If your knee is severely damaged by arthritis or injury, it may be hard for you to perform simple activities such as walking or climbing stairs. You may even begin to feel pain while you are sitting or lying down.
If medications, changing your activity level and using walking supports are no longer helpful, you may want to consider total knee replacement surgery. By resurfacing the damaged and worn surfaces of the knee can relieve pain, correct leg deformity and help resume normal activities.
Is total knee replacement for you?
Whether to have total knee replacement surgery should be a cooperative decision made by you, your family, your family physician and your orthopaedic surgeon. Alternatives to traditional total knee replacement surgery that your orthopaedic surgeon may discuss with you include activity modification, weight reduction if you are obese or arthroscopic joint lavage.
Reasons that you may benefit from total knee replacement commonly include:
* Severe knee pain that limits your everyday activities, including walking, climbing stairs, and getting in and out of chairs. You may find it hard to walk more than a few blocks without significant pain and you may need to use a cane or walker
* Moderate or severe knee pain while resting, either day or night
* Chronic knee inflammation and swelling that does not improve with rest or medications
* Knee deformity: a bowing in or out of your knee
* Knee stiffness: inability to bend and straighten your knee
* Failure to obtain pain relief from non-steroidal anti-inflammatory drugs. These medications, including aspirin and ibuprofen, often are most effective in the early stages of arthritis. Their effectiveness in controlling knee pain varies greatly from person to person. These drugs may become less effective for patients with severe arthritis
* Inability to tolerate or complications from pain medications
* Failure to substantially improve with other treatments such as cortisone injections, physical therapy, or other surgeries
Most patients who undergo total knee replacement are age 60 to 80, but orthopaedic surgeons evaluate patients individually. Recommendations for surgery are based on a patient’s pain and disability, not age. Total knee replacements have been performed successfully at all ages, from the young teenager with juvenile arthritis to the elderly patient with degenerative arthritis.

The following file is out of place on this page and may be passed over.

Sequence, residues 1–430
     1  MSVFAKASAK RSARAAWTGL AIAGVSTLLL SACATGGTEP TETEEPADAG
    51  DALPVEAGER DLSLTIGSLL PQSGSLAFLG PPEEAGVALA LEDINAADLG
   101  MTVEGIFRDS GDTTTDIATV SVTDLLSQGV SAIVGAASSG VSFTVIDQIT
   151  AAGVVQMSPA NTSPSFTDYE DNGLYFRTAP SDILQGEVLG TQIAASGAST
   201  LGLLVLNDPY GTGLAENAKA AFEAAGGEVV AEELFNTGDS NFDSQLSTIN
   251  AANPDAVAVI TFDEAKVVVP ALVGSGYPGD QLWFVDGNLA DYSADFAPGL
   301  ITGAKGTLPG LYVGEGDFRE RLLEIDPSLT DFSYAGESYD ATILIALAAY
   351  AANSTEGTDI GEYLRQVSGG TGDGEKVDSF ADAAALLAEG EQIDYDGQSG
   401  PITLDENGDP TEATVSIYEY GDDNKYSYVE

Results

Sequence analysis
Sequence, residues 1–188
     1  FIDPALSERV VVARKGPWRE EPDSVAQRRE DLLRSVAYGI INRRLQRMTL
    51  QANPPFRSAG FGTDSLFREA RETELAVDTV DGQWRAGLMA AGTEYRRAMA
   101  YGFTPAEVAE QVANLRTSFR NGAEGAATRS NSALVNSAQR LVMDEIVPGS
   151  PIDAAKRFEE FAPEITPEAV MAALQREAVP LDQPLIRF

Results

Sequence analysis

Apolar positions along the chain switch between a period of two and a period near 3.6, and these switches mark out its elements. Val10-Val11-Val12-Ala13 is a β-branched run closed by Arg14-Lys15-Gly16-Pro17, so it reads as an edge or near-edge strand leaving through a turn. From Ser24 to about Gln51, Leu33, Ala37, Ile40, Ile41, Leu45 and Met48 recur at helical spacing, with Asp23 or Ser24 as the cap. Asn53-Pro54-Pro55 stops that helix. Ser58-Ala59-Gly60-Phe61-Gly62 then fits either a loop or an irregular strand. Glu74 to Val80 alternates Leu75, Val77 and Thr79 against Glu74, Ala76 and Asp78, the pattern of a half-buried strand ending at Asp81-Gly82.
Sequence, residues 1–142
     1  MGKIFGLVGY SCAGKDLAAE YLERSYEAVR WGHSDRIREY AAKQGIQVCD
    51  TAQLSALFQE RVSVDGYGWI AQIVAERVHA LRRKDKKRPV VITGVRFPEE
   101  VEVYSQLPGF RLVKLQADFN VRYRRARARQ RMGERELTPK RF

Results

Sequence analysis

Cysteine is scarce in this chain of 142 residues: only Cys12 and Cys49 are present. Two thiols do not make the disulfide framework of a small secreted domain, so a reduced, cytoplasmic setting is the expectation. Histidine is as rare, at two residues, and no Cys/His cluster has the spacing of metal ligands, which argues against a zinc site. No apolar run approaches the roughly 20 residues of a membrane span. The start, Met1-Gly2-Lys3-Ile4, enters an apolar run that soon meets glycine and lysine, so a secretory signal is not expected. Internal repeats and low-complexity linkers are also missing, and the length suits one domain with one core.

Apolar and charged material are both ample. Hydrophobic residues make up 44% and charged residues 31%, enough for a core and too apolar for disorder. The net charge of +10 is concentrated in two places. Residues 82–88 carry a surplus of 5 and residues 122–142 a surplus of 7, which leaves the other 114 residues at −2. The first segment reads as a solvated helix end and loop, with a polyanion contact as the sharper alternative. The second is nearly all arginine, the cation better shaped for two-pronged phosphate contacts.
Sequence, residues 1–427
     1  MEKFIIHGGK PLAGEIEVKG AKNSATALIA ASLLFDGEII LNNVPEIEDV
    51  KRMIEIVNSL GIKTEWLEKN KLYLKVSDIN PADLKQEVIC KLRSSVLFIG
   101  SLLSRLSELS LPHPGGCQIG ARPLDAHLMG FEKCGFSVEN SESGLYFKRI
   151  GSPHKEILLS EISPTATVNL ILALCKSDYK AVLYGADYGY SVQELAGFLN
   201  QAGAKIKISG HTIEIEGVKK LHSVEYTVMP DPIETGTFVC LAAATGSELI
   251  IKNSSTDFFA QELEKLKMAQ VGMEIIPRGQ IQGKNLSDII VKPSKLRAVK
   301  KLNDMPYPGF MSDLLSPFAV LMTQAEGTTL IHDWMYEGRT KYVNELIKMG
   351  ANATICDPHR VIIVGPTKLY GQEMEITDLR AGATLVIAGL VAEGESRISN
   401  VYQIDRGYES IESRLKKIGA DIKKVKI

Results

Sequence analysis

Realistic expectations about knee replacement surgery
More than 90 percent of individuals who undergo total knee replacement experience a dramatic reduction of knee pain and a significant improvement in the ability to perform common activities of daily living. But total knee replacement will not make you a super-athlete or allow you to do more than you could before you developed arthritis. You have to make sure certain things after surgery if you want to get full benefits:
* Participate in regular light exercise programs to maintain proper strength and mobility of your new knee
* Take special precautions to avoid falls and injuries. Individuals who have undergone total knee replacement surgery and experience a fracture may require more surgery.
The complication rate following total knee replacement is low. Serious complications, such as a knee joint infection, occur in fewer than 2 percent of patients. Total knee replacement done in a proper set up with good Operation theatre minimises infection rate to negligible. Major medical complications such as heart attack or stroke occur even less frequently. Chronic illnesses may increase the potential for complications. Although uncommon, when these complications occur, they can prolong or limit full recovery. Blood clots in the leg veins are the most common complication of knee replacement surgery. Your orthopaedic surgeon will outline a prevention program, which may include periodic elevation of your legs, lower leg exercises to increase circulation, support stockings, and medication to thin your blood.
Although implant designs and materials as well as surgical techniques have been optimised, wear of the bearing surfaces or loosening of the components may occur. Additionally, although an average of 115° of motion is generally anticipated after surgery, scarring of the knee can occasionally occur, and motion may be more limited, particularly in patients with limited motion before surgery. You are recommended to discuss your concerns thoroughly with your orthopaedic surgeon prior to surgery.
Total Knee Replacement surgery is the only solution for Advanced Osteoarthritis and makes the patient enjoy life in a disease free manner and improves their quality of life in day to day activities.
Dr Nandkumar Katakdhond
Source: The Daily Star, June 27, 2009